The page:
If you love the natural world, this little book about birding will entice you. It’s also about much more: how to be in the world, parenting, partnering, creativity, and friendship. She also explores the first books people fell in love with, celebrity eyebrows, art, and especially how to make peace with the roaring, anxious self inside you.
Maclear, a Canadian author of children’s books, decides after a heavy stint caring for her aged father after suffering two strokes that she needed to take up a hobby for herself. She is also a mom raising two young boys, the younger of which, has the weird propensity for falling, resulting in emergency room visits.
First, she plans to take up drawing again. But the renowned teacher she interviews about lessons seemed too structured for her. As you can see in the beautiful line drawings, she also spent a year with pen and ink.
One night her husband suggests that she look at some bird photographs taken by the musician who scored his latest film. These bird pictures wowed Kyo. So much so, that within a few days, she’d contacted the musician and asked if he would be her guide to the world of birding for an entire year. What she liked about her guru, who she simply calls “The Musician” throughout the book was that he was “fervent about birds without being reverential.” Read more about Birds, Art, Life: a Year of Observation
The helplessness and friendships of childhood are topics that many writers have tackled. Fewer have written about African-American girlhood, as Woodson does here. The book centers on August, the intelligent young girl who leaves the lush south for the vibrant and dangerous streets of Bushwick, Brooklyn.
“For a long time my mother wasn’t dead yet.” This sentence opens the novel, which doesn’t proceed chronologically, but follows an inner lyric pulse. Throughout, the whereabouts of August’s missing mother haunt the story.
August’s family lived in Tennessee on a farm called SweetGrove land. It was inherited from her grandparents. After their uncle, Clyde, a Vietnam soldier dies, her mother begins to unravel. Soon, her father rushes north with August and her little brother to Brooklyn, his home town.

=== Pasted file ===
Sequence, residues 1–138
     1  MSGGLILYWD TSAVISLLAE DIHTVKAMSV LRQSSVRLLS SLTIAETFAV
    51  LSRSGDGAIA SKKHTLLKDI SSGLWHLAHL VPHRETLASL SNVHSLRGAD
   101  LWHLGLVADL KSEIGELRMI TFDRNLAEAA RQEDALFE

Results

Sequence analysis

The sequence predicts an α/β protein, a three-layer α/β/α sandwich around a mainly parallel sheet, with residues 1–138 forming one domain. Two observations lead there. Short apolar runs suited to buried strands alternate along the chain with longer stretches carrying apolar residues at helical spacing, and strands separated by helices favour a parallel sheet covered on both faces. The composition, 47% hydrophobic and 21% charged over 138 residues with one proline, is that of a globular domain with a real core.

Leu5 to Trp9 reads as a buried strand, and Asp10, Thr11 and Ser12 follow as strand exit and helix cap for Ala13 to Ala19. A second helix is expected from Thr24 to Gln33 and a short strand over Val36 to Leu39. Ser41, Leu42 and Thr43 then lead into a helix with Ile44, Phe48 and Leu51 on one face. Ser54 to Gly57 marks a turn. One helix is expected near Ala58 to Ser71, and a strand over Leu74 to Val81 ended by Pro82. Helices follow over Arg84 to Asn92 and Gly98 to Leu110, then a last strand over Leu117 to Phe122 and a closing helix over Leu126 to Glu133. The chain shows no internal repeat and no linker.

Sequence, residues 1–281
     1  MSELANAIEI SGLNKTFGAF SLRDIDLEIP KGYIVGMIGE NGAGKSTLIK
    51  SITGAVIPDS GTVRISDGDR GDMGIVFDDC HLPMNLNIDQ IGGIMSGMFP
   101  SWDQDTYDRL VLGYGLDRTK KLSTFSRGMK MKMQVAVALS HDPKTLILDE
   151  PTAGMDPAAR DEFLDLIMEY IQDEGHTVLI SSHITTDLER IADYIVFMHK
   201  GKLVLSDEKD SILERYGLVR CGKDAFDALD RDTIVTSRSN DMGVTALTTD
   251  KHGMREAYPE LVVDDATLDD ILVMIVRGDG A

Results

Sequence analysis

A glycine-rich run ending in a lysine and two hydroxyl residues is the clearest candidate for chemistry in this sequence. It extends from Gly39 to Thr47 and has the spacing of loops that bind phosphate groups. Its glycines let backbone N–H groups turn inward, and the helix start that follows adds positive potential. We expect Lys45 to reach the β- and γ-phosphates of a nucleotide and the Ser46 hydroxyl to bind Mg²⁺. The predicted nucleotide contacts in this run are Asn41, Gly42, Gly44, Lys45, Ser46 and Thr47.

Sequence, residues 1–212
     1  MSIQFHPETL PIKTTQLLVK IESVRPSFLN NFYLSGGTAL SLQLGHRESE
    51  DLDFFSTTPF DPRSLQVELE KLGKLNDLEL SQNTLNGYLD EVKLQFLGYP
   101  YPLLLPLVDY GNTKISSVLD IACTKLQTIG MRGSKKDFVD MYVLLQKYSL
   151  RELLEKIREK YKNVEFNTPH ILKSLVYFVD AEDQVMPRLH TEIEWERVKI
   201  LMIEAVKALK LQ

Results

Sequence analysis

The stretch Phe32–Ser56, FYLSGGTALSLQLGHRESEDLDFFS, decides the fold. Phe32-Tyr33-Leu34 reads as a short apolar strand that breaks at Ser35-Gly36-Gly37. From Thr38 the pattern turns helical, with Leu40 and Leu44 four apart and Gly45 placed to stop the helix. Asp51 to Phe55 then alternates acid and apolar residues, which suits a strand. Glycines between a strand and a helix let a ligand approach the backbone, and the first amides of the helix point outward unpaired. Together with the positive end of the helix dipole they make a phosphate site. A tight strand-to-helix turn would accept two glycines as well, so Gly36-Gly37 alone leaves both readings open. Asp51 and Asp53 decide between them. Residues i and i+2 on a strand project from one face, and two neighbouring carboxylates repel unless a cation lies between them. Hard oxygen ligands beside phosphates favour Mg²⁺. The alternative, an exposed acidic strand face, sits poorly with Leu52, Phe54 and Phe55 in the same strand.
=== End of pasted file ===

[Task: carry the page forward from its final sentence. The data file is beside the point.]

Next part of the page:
It’s summer--so for safety, August’s father locks her and her little brother, who is only five, inside their third-story apartment. They spend long summer days watching children play on the street: double-Dutch, stick ball games and splashing under open fire hydrants. A colorful parade of adults wearing dashikis and other colorful outfits weave past. Read more about Another Brooklyn
I have always felt a strong connection to trees; I love them in all seasons and am fascinated by their intricacies, their shapes, varieties of bark, leaves and shapes, the patterns they make interplaying with light.
This biography of a forest, so to speak, fills you in on a forester’s own passion for trees. He uses the language of a nature lover and also that of a scientist to describe the myriad connections trees have to each other in a healthy forest.
Confession: I’m not much of an audio book junkie. In fact, I seldom listen to one unless it is the only copy of a book available, but Joan Walker’s funny and poignant rendition of this Scandinavian novel entranced me.
I couldn’t wait to get back to the poor, out of the way Swedish town of Borg--football crazy and poor--where most of the inhabitants were racing to sell their homes and leave after the 2008 financial crises.
How did a middle-aged wife who had not worked outside the home or travelled anywhere end up in Borg?
Well, first her husband of four decades began an affair with a much younger woman. So Britt-Marie decided to leave him. When she went to the employment agency, there were no jobs, so she returned the next day and cooked for the young lady who worked there a lovely salmon dinner. Britt was nothing if not persistent. Read more about Britt-Marie Was Here
Having grown up in a family of six sisters (and two brothers), I understand the influences, cooperation and competition that six sisters often have for each other. The similar interests, wildly divergent ones, pet names shared, and shifting alliances.
The Mitford sisters: Nancy, Pamela, Diana, Unity, Jessica, and Deborah were born between 1904 and 1920, so their youth encompassed the roaring and irreverent 1920s as well as the anxious, and violent pre-war period before WW II. The last of the Mitford sisters, Deborah, died only two years ago.
They had an idyllic childhood on a country estate, and were left mainly to themselves, a nanny and a tutor. They were almost totally home-schooled. They read deeply books from their parent’s library and were fascinated by the world of ideas. All except Pamela, who loved farming and developed close connections with animals and the land. Just before dying she sighed and said she wished only for one more hunt. Read more about The Six: the Lives of the Mitford Sisters
Fifty per cent of all North American children experience the divorce of their parents. Talented author Ann Patchett explores her own family’s divorce in this novel, altered, of course, as all fiction is.
A chance meeting at a 1960s christening causes two families to divide and then merge in new ways. The novel jumps around in the lives of the Cousinses and Keatings. Fix Keating is a Los Angeles cop, and Bert Cousins, an attorney who moves to Virginia. When Cousins falls hard for Keating’s wife, Beverly, at the christening, two families are forever tied though they end up living across the continent from each other.
The novel proceeds from the perfectly realized christening—where many of the guests are cops and the families of cops, and many of the partiers get drunk including some of the children, to one lakeside vacation where the blended children of the two families seek their own adventures while their parent and step-parent laze away in bed until mid-afternoon. Read more about Commonwealth